Stock markets in the Philippines, Thailand and Singapore tumbles as policy meetings in central banks set to take centrestage


MANILA, Sept 20 (Reuters): Regional stock markets fell sharply in holiday-thinned trading, taking cues from broader Asian equities on Monday, with shares in the Philippines, Thailand and Singapore tumbling between 0.6% and 0.8%.

The Malaysian ringgit was poised on Monday for its biggest intraday drop in 2-1/2 months and led losses among regional currencies as the US dollar firmed at the start of a week, which is set to be dominated by at least a dozen central bank meetings.

Policy meetings of central banks in China, Japan, Taiwan, Indonesia and the Philippines are due this week, headlined by the US Federal Reserve as investors await further clues on asset purchase tapering.

Indonesian equities lost more than 1% and the rupiah weakened ahead of a Bank Indonesia (BI) meeting due on Tuesday, in which the central bank is widely expected to keep its key interest rate steady.

BI has kept rates at record lows since February as it tries to balance economic recovery with pressure exerted on the rupiah amid talks of stimulus tapering by the Federal Reserve.

"We expect the policy rate to remain steady as we think that the central bank will play it safe in order to maintain the relatively strong position of the rupiah," Anthony Kevin, an economist at Mirae Asset Sekuritas said.

The rupiah has weakened about 1.5% this year, but fared much better than most of its peers. A firmer dollar kept emerging market currencies subdued while escalating woes at indebted developer China Evergrande prompted traders to shun risk.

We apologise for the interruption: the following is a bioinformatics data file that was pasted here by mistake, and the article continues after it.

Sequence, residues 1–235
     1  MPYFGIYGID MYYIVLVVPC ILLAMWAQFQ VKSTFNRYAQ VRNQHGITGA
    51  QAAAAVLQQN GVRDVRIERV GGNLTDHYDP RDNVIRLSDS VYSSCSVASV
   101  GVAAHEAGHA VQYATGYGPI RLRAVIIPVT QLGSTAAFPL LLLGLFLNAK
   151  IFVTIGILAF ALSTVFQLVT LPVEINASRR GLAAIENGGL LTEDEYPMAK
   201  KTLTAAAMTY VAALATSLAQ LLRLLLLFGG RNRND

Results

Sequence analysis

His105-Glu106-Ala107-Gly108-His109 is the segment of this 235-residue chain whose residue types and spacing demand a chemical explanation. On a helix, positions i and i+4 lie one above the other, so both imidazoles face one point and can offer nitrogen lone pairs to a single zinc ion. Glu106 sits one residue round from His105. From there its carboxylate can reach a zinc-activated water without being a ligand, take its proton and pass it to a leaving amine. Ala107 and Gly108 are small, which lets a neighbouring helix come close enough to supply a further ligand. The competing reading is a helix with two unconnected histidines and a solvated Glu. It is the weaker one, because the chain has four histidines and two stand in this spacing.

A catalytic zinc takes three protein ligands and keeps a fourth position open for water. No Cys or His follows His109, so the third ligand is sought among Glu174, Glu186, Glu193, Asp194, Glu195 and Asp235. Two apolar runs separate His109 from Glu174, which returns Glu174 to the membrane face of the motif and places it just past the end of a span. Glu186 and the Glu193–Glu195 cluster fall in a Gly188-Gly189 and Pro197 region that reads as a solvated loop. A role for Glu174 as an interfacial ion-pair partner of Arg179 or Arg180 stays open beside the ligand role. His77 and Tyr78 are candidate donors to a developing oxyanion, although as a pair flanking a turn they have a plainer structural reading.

Concerns around Evergrande's ability to meet its imminent payment obligations have cast a shadow over Asian markets in recent weeks as it poses broader risks to China's financial system.

The Malaysian ringgit weakened 0.4% to its lowest since July 8 while stocks in Kuala Lumpur hit a near one-month low.

Former Malaysian prime minister Datuk Najib Tun Razak, who was convicted of corruption, told Reuters on Sunday that he had not ruled out seeking re-election to parliament, raising fears of more political uncertainty.

Malaysia's traditional ruling party, the United Malays National Organisation, returned to power last month after coalition infighting unseated prime minister Muhyiddin Yassin.

The Philippine peso lost 0.2% ahead of a Bangko Sentral ng Pilipinas (BSP) meeting this week.

Though the central bank has vowed to keep its policy accommodative in the wake of the latest Covid-19 curbs, "the odds of additional BSP easing are very slim given the current unfriendly inflation backdrop," analysts at Dutch bank ING said.

Last week, BSP sharply cut its current account surplus projection for this year and forecast a deficit next year, citing risks from the emergence of highly transmissible Covid-19 variants.

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